Short Essay on City

A city is large human settlement. However simplistic it sounds, the definition of a city is constantly changing.

In the US a city is defined by the number of dwellers, ranging from 1500 to 50,000 people. In UK this definition is dependent on the administration of an area. A city is an area which has not only a larger number of people but also many characters that differentiate them from the rural areas.

Characteristics of a city

  1. A high population and high density of population. The reason for this is also the high level of migration that takes place from rural to urban areas for many reasons, mostly for employment.
  2. Cities have a much better infrastructure to support that population there. This includes roads, public transport system, energy, water supply, hospitals, schools and more importantly institutions of higher studies, etc.
  3. There is a local administration responsible for providing the infrastructure. The administration for villages, etc. fall on the regional or district level authorities.
  4. Employment opportunities are much more easily available in cities. There are more offices and commercial establishments. The market in the physical sense is much bigger in cities. There is a high demand for all kinds of workers, except agricultural in cities. This results in a high migration rate from rural to urban centres.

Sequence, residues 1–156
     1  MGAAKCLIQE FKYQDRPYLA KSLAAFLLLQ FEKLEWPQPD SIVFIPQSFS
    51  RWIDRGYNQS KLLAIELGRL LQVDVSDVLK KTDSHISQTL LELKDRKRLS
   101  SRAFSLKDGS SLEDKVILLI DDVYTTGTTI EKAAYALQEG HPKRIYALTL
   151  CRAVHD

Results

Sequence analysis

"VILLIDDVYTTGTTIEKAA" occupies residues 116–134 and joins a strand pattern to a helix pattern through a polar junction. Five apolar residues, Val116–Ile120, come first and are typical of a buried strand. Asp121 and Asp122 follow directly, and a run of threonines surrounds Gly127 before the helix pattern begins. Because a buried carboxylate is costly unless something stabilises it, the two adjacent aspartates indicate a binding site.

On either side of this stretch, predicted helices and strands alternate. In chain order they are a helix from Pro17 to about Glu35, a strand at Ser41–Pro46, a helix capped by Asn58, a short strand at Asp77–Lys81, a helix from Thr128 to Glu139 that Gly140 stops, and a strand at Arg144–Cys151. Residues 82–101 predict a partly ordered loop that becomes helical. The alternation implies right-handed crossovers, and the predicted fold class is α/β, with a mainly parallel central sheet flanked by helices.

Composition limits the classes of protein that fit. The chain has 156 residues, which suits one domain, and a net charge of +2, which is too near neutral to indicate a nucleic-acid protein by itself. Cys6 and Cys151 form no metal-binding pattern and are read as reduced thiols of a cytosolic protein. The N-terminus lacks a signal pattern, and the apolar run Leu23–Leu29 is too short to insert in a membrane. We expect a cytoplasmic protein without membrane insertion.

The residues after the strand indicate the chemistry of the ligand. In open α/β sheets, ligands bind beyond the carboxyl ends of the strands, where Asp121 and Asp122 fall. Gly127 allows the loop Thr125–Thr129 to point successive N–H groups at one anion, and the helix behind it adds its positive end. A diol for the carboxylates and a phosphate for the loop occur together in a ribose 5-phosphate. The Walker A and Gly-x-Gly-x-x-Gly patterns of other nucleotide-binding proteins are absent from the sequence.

Earlier cities

In the olden times, there were fewer cities and most of the population lived in the rural areas, depending on agriculture and allied activities. The surplus of this was supplied to the urban areas in return for all other services. The cities, especially the ancient cities were planned. When industrialisation took over, it led to a spurt of migration from rural areas in search of better jobs. At this time many cities came up across the globe and the slowly the older cities started growing bigger.

Modern cities

The whole form of urbanisation is undergoing a drastic change because of the new technology. The city centres and new industrial or technical zones remain the prime clusters for employment. What has now changed is that transport has made these areas more accessible and so each of these cities is growing dramatically along the peripheries and more and more rural areas are being merged into forms of suburbs and the previous suburbs becoming the centre, continually growing.


Communication, transportation and other infrastructural facilities are now so widely available as to make the essential features of the cities blurred.

By Janhavi